I’ve rarely taken taxis in San Francisco, generally preferring to walk, bicycle or drive myself. But with the recent abundance of peer-to-peer ride sharing in San Francisco I couldn’t help but be impacted and eventually get involved. Among my peer group I am a middling adopter of new technologies so it was only after Lyft had been in San Francisco for well over a year that I asked my housemate about the pink mustaches on cars throughout the city. “That’s Lyft!” he told me enthusiastically. My other housemate chimed in: “I meet great people and they drive me home!” I was still further intrigued when I saw advertisements that Lyft with hiring drivers and paid up to $35 an hour. I charge much more for my work with autism, but sometimes have slow months and driving my car around the city for pay seemed like an interesting thing to try. It has turned out to be much more than I would ever have expected.
I’ve driven 20 hours this last week and given rides to 50 different people. In that time I’ve had the opportunity to chat with a venture capitalist from Greylock Partners, a woman who raised $30,000 on Kickstarter to fund her café on Bernal Hill and been invited home by a drunk customer – to show off my backflips and/or have sex with her housemate (I declined on all counts). I have had several fabulous discussions about parenting, learned about Bangalore, India (where I have work schedule in February) and a group of Business School “bros.” offered me beer on the job.
I plan on continuing to drive when my schedule allows it, just for the social aspect of the job. I like meeting new people, asking them questions and gaining some new insights or perspective. Here are a few of the reminders that I’ve taken away from this last week of chatting with strangers:
Talk to Strangers
It feels a little bit odd to me to approach a stranger in my local burrito shop, introduce myself and start a conversation. Lyft has provided me the opportunity to do this in a context that everyone understand can be used for just such a purpose. Granted I don’t force conversation on anybody and have had customers read or sleep in the back of my car. But the majority of people I have driven have been enthusiastic conversationalists and I have learn something from every one of them. You don’t have to have my goals of meeting new people, asking them questions and learning from them to benefit from increasing your capacity to relate to strangers. Pick a setting – any setting – and set out to meet somebody new.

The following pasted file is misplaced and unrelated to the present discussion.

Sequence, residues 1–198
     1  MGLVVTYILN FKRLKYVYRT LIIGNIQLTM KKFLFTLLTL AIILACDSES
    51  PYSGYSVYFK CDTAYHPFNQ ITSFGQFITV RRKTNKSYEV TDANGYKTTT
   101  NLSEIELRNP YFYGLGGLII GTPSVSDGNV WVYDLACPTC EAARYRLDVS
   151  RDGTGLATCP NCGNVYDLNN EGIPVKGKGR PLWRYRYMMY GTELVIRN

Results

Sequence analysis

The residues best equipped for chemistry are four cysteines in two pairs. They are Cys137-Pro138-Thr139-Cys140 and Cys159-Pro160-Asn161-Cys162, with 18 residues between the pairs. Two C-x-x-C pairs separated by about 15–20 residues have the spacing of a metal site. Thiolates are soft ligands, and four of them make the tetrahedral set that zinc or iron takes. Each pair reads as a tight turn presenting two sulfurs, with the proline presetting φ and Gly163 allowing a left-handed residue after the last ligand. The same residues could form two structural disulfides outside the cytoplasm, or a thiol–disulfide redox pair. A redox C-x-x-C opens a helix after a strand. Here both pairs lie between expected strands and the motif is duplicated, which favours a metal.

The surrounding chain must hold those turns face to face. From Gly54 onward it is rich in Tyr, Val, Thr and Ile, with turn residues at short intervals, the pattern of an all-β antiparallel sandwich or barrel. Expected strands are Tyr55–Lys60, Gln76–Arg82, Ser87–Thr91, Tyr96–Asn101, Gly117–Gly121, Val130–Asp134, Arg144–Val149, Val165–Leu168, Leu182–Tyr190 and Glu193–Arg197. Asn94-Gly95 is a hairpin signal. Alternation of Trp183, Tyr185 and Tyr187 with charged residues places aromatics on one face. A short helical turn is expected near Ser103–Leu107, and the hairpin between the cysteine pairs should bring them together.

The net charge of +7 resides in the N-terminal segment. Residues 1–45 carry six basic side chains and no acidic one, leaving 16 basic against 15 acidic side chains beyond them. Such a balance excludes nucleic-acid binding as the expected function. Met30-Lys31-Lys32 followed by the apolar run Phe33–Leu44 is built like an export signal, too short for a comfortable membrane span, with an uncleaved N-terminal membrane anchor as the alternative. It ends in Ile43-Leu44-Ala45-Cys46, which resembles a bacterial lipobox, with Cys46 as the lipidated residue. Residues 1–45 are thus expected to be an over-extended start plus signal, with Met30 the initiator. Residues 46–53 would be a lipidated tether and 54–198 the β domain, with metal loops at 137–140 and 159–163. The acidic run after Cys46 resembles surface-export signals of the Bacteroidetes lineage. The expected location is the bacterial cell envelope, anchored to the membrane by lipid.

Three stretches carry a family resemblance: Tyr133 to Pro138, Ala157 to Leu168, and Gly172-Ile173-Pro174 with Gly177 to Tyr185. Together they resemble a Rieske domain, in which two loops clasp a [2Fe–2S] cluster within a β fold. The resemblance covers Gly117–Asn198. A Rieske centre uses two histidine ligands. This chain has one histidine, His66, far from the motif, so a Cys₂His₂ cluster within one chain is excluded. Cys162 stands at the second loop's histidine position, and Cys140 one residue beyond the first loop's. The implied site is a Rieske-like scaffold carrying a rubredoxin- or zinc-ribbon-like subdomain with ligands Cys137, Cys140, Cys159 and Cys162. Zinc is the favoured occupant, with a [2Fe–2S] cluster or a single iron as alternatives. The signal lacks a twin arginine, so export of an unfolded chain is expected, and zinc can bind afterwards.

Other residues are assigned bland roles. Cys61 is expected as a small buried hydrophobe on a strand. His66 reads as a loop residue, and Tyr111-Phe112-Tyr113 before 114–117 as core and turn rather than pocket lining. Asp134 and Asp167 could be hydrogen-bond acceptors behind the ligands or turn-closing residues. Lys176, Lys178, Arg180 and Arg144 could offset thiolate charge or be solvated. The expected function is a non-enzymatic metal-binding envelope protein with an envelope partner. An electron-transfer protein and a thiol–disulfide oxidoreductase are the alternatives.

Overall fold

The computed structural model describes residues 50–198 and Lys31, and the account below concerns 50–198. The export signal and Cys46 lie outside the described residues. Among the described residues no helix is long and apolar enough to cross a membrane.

Keep Employees Happy
I got a call from Lyft after my first five days of driving. The girl on the other end of the phone was the most enthusiastic customer representative I have ever spoken with. She congratulated me on my perfect driving record, asked me about myself and sincerely requested that I let her know if there was anything she could do to support me further. If I had not believed before that Lyft had a company creed that I would believe in, by her attitude alone I was convinced. The question I have been pondering since that call is how do we create that level of energy and enthusiasm within other businesses. Lyft employees, drivers and passengers are so enthusiastic it is contagious. And there is no better form of marking than that.
On a related note, the “Lyft Driver’s Lounge” on Facebook is the most active online community I’ve ever seen. From educating new driver, to sharing sob stories, to meeting up for late night hot chocolate, the Lounge is yet another example of how a positive company culture can save the company in spades and trickles all the way down to the least user of the company.
Most of all, my experiences with Lyft have left me with an appreciation for spontaneity. I have seen sunsets over San Francisco that I would otherwise have missed, enjoyed the smells of a Chinatown marketplace, played tour guide to a first time visitor and met all sorts of people I wouldn’t have otherwise. Whether by giving rides to strangers, accosting neighbors in your local burrito shop, or instigating some other new adventure, inject some spontaneity into you life. Doing so is well worth the rewards.